The Australian Charter of Healthcare Rights has some guiding principles; it is something I am familiar with, having worked in the healthcare system for as long as I did. It represents true beliefs that probably constitute the reason I worked in the public health system as long as I did. I feel that the public health system is there for those of us who are most vulnerable and who are the sickest. I believe that some of these principles and healthcare rights go to what we are talking about here. The charter refers to:


Access - a right to access health care.

Safety - a right to receive safe and high-quality health care.

Respect - a right to be shown respect, and to be treated with dignity and consideration.

Communication - a right to be informed about services, treatment, options and costs in a clear and open way.

Participation - a right to be included in decisions and to make choices about your health care.

Privacy - a right to privacy and confidentiality of your personal information.

Comment - a right to comment on your health care, and to have your concerns addressed.


As I said, those principles are very important in relation to how we conduct the healthcare services in this country. We in Australia are very fortunate to have such a robust healthcare system; that needs to be acknowledged. I want to go to just a couple of those principles. Firstly, there is respect. As the charter notes:

You have a right to be treated in a way that respects your dignity. Healthcare staff also deserve to be treated with respect and consideration, and without discrimination.

Secondly, there is privacy. The charter states:

Everyone involved in your treatment and care has a professional and legal duty to keep information about you confidential.

These principles relate to the women accessing a service who are being approached by some of those individuals those kerbside counsellors who are offering to give their views and to offer their support. That is fine, but I think people need to respect the privacy and the considerations of individuals who want to access these healthcare services. As others have said, many other people are involved in this. Ms Wooldridge has described how police have spoken to her about the limitations in what they can do to assist such people going about their business.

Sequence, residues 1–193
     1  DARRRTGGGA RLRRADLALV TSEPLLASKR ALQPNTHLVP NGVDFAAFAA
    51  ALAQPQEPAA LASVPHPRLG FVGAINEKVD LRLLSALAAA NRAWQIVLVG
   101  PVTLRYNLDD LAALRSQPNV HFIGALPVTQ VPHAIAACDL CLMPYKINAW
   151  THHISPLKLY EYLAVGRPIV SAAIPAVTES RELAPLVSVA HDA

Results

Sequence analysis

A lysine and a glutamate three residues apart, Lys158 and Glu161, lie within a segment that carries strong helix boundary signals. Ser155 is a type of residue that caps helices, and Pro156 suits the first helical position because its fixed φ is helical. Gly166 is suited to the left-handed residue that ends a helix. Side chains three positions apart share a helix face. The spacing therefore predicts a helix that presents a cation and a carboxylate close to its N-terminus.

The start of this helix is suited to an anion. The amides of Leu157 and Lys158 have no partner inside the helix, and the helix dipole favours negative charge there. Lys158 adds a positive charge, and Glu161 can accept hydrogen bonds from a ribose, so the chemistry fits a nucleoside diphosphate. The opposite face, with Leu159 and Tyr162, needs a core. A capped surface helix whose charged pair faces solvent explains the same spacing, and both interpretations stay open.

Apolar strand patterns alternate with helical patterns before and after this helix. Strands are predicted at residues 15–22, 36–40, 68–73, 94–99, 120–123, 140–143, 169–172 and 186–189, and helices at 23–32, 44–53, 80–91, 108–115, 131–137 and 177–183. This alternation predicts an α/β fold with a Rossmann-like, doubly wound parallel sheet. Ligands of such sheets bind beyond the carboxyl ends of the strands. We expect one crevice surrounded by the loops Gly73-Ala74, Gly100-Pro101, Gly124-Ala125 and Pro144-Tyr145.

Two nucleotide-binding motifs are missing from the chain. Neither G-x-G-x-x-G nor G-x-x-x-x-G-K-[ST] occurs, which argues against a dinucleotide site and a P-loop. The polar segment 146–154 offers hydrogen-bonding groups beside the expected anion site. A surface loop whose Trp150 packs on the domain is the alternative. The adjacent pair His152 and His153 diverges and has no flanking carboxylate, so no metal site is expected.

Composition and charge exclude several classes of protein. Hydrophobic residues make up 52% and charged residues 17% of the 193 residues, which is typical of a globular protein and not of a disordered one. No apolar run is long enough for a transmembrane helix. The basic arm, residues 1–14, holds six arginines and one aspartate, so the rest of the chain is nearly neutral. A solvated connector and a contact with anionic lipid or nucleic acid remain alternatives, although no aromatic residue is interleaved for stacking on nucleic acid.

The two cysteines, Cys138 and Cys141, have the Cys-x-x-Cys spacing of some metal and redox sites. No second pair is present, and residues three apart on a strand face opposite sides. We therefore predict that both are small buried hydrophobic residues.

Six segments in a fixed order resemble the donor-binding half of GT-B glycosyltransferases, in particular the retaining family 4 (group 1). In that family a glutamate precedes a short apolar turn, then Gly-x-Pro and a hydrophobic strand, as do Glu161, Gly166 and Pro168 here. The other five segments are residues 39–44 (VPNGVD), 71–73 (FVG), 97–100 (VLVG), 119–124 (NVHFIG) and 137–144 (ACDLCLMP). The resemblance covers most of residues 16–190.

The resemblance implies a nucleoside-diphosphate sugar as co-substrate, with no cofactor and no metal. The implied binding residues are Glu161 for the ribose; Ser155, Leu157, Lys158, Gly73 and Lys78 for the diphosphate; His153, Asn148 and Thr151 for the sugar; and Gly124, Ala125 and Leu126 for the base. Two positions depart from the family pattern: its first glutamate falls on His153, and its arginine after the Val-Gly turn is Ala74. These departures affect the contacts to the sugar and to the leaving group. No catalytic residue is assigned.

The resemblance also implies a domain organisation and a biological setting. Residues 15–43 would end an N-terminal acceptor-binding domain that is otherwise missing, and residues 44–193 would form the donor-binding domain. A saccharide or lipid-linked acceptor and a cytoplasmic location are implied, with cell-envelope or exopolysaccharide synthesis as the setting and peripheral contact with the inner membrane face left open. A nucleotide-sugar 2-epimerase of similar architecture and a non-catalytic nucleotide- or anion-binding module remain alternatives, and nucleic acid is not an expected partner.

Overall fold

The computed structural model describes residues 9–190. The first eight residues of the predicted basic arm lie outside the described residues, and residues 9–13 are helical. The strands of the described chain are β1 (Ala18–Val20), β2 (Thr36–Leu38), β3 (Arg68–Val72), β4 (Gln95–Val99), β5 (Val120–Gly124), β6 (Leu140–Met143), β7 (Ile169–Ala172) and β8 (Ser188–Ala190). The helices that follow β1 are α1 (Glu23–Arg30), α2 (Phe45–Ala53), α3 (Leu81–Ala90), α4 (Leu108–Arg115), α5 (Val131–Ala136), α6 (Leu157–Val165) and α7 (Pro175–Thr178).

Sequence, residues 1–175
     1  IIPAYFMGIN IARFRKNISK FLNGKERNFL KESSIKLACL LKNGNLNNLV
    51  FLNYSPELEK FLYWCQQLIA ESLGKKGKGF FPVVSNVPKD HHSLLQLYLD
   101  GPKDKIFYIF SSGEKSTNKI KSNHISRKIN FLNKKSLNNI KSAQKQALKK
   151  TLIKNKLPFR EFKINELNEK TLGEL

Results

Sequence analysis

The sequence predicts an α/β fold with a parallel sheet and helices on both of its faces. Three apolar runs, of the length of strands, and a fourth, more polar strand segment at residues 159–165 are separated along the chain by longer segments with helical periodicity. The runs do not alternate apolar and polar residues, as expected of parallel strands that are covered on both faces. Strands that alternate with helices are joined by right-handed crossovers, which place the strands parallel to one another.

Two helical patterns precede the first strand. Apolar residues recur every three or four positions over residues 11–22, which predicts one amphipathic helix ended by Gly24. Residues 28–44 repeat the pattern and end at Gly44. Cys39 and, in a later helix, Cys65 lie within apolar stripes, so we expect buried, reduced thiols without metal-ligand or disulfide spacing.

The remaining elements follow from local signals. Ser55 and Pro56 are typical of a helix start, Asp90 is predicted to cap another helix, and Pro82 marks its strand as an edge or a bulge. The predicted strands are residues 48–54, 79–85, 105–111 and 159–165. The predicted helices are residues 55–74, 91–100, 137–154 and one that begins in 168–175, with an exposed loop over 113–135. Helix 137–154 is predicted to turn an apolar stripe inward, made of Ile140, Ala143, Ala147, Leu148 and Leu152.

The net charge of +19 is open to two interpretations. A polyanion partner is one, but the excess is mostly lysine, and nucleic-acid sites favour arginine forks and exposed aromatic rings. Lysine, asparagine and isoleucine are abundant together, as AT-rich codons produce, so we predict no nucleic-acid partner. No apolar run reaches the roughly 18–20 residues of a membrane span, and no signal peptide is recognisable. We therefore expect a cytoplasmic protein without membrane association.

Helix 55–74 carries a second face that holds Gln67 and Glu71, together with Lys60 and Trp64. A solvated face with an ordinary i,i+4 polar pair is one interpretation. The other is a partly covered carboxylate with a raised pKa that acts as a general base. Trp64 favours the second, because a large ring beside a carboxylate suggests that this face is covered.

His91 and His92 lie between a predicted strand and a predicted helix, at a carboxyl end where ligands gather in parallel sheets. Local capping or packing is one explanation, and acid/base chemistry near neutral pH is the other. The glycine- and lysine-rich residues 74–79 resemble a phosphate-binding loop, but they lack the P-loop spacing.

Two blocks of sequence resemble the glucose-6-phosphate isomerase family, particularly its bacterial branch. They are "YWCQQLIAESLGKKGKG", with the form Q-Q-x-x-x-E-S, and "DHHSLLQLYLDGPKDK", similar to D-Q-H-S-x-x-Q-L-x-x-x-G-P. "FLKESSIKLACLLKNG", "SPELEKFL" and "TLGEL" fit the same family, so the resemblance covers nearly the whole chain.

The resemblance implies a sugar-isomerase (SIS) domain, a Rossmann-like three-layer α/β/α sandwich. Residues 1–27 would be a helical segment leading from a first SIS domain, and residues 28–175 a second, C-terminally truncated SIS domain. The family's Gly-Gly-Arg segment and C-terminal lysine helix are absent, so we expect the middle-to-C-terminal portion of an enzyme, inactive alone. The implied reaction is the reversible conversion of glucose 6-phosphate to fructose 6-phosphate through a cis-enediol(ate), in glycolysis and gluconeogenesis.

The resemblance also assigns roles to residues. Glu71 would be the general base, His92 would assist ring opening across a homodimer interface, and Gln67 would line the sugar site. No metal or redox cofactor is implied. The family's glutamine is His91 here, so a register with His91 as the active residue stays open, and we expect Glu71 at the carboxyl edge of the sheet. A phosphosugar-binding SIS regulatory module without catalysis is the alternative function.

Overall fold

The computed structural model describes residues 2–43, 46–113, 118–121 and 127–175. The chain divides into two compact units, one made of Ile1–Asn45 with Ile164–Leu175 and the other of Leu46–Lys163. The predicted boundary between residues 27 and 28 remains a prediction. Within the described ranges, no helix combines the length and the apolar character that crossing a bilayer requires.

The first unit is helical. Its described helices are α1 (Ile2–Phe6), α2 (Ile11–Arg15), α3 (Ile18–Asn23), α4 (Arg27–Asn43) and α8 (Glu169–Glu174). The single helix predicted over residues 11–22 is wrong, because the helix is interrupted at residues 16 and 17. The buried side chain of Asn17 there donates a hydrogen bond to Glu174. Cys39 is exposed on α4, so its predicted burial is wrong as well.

Others have been involved in the recent court case mentioned by other speakers and I will not go through those details again. Certainly there are barriers in the way of Victorians wanting to access these services. Again, I note that this is about the ability to access a legal service in Victoria. That is what we are talking about. We are not talking about what does or does not happen within those services. It is about the ability to access those services without being inhibited or intimidated. I think the intent of this bill goes to those purposes.

Whilst, as I said at the outset, I have some concerns about some elements of the bill, I note that the government has indicated it will be looking at the bill in more detail in coming weeks to assist in the process and see if some of these issues can be sorted out to ensure we get the bill right. Regardless, the legislation goes to the core principle, which I think is absolutely imperative here, and I am very pleased to be able to rise and speak to the way I really feel about this issue. It is something I strongly believe in, and I am very pleased that our party has given all our members a free vote on this.

I know some of my colleagues do not share my feelings. I completely respect their views and think they have a very important contribution to make to this debate. I think we need to take those contributions on board. I think we all need to listen to everybody's views. As I said, I am very appreciative that our party has given members of the coalition a free vote on this and that I have been able to speak on Ms Patten's bill in relation to what I consider is the right of Victorian women to be able to access these legal health services in Victoria.